Smoke rose slowly through the mountaintop and blackened the sky, and with that smoke, carried in the shadows, came a darker shadow, and a roar of a new age dawning. Wings spread to blot the sun, and cataracts of flame harboured in the stomach of this most ancient of creatures replaced its light; for miles, all was bathed in fiery light, a forewarning of something so old and so new.
Somewhere in that roiling mass of smoke and flame, reptilian lips parted in a cruel smile, and the slits of a single dome-like eye scoured this new land he did not know. Hurricane wingbeats would carry him to where the cattle was richest, and steely talons would prepare the prey. Fiery breath would cleanse His kingdom, and once all this was done, colossal jaws would feast as they had aeons before. The world was changing, and the dragon would take His place as its master.
- The idea for this one came to me when considering the nature of Dragons in various fantasy settings; they're mostly shown as either intelligent but subservient to other races, willingly or otherwise, or they're portrayed as mindless beasts. So at some level this was my attempt to restore balance to the Force, and represent the dragon in a way one rarely sees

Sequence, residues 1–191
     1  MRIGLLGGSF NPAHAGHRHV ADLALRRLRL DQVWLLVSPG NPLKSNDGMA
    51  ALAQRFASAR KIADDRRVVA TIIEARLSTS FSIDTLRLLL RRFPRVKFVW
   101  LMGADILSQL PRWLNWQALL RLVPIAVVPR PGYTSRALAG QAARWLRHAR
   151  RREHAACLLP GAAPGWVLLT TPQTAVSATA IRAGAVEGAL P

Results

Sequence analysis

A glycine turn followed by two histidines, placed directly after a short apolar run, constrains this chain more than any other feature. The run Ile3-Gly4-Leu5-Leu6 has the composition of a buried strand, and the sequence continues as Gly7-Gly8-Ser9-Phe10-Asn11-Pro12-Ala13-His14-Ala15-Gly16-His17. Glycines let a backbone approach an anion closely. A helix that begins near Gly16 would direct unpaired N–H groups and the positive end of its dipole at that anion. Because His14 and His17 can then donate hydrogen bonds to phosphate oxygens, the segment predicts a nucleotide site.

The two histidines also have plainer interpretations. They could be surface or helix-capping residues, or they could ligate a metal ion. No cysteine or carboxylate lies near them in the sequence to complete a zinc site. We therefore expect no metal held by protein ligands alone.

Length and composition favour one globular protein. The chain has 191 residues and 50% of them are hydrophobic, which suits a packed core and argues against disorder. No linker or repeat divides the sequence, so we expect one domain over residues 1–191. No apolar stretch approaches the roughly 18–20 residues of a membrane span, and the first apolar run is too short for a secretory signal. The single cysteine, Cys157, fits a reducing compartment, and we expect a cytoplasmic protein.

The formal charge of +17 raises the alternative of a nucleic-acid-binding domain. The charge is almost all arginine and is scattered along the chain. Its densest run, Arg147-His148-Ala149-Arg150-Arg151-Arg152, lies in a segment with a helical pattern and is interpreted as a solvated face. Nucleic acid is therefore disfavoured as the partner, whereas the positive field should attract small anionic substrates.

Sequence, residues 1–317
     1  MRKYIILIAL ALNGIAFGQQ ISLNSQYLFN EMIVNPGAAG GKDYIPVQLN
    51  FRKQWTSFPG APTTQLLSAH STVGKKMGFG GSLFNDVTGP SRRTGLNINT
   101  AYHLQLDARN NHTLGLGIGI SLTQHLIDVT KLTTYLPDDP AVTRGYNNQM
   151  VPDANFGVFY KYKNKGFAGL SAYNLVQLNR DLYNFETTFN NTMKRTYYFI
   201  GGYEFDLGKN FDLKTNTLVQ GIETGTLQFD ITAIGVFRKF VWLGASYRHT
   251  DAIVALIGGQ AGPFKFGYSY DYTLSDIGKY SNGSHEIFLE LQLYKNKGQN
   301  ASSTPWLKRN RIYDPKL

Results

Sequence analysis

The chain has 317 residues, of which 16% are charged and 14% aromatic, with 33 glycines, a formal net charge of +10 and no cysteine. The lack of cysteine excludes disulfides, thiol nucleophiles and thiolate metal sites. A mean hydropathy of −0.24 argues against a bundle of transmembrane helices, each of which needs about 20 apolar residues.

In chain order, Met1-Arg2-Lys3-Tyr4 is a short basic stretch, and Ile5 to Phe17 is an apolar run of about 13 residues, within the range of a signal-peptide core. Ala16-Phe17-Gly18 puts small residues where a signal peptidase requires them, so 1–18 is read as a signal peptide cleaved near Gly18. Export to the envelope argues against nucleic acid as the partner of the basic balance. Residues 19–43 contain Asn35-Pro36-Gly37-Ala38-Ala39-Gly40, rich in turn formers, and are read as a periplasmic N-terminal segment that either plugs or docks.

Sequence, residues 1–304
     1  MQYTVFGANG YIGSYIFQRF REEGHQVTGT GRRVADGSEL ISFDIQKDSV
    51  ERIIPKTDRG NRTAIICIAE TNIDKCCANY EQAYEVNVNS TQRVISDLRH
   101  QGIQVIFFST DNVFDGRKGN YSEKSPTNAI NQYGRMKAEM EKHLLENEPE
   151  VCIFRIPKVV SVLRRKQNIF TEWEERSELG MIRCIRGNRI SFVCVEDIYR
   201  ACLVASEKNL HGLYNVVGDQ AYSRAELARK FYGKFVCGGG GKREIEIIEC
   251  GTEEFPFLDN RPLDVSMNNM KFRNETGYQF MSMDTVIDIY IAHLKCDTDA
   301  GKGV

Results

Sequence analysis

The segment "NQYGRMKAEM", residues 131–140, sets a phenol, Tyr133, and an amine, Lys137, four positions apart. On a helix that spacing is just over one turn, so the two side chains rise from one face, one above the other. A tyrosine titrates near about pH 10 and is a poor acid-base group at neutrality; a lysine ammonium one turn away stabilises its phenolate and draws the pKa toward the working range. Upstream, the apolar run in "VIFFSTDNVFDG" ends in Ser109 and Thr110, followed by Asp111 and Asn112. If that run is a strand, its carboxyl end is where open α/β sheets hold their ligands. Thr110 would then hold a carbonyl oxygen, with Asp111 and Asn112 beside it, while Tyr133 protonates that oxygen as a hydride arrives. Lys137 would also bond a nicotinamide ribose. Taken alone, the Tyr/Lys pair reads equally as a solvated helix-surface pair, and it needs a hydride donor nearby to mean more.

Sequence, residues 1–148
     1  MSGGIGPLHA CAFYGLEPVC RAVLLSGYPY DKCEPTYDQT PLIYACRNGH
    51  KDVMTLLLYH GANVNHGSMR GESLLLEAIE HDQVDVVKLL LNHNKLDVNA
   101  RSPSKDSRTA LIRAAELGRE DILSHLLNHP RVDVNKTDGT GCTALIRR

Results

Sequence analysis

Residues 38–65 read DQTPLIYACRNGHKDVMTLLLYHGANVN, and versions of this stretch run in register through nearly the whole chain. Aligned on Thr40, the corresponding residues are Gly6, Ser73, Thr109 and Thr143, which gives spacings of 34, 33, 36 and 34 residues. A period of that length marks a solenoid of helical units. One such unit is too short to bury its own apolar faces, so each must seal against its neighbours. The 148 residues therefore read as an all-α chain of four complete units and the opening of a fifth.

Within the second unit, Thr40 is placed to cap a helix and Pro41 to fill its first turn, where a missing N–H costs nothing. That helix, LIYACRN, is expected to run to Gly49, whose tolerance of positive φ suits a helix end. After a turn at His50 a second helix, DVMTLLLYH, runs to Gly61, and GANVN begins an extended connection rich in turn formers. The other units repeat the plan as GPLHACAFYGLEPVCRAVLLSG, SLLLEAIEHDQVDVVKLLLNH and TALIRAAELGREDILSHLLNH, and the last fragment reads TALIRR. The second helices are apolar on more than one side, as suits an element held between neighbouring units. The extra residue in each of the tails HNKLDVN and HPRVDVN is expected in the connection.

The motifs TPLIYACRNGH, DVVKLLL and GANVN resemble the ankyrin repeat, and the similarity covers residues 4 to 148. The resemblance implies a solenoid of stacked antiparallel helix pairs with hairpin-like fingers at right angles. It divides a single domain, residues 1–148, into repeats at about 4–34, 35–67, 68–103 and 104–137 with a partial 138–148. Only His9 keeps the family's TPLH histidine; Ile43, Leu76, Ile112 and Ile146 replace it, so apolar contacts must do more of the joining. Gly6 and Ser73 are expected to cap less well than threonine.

- The character of the Dragon in this one is something that I've left deliberately ambiguous. I've tried not to make him a force for good, because he's not, but I don't think he reads as inherently evil either. He's doing what he does because, as far as he is concerned, he is the strongest creature alive, and has that right to do as he pleases. There's an arrogance to him, but only because he's better and he knows it. So maybe he's evil, or maybe he's just doing what he thinks is natural.
- In the style of writing style itself, I've tried to straddle the line between archaic and melodramatic, to add to the impression of the dragon being an ancient force, slightly out of touch but also convinced of his own power; he's not being over the top, just revelling in his own power. Again, I aim for this to add to the ambiguity of the narrator.
- So what is this all for? Well, it may be just a one off, but on the other hand, I've got a few other ideas kicking around that would entail a degree in world-building. Several characters could easily fit this setting, and I quite like the idea of it becoming a series of sorts, but with no real plot other than some very overarching themes, simply exercises in character and style. I've chosen the fantasy setting as it allows me to be far more idiosyncratic in writing than any other kind of world, and gives a lot of creative freedom, a blank canvas so to speak. So there may well be more in this series of 'snapshots' in the near future.
As always, thanks for reading, any comments are welcome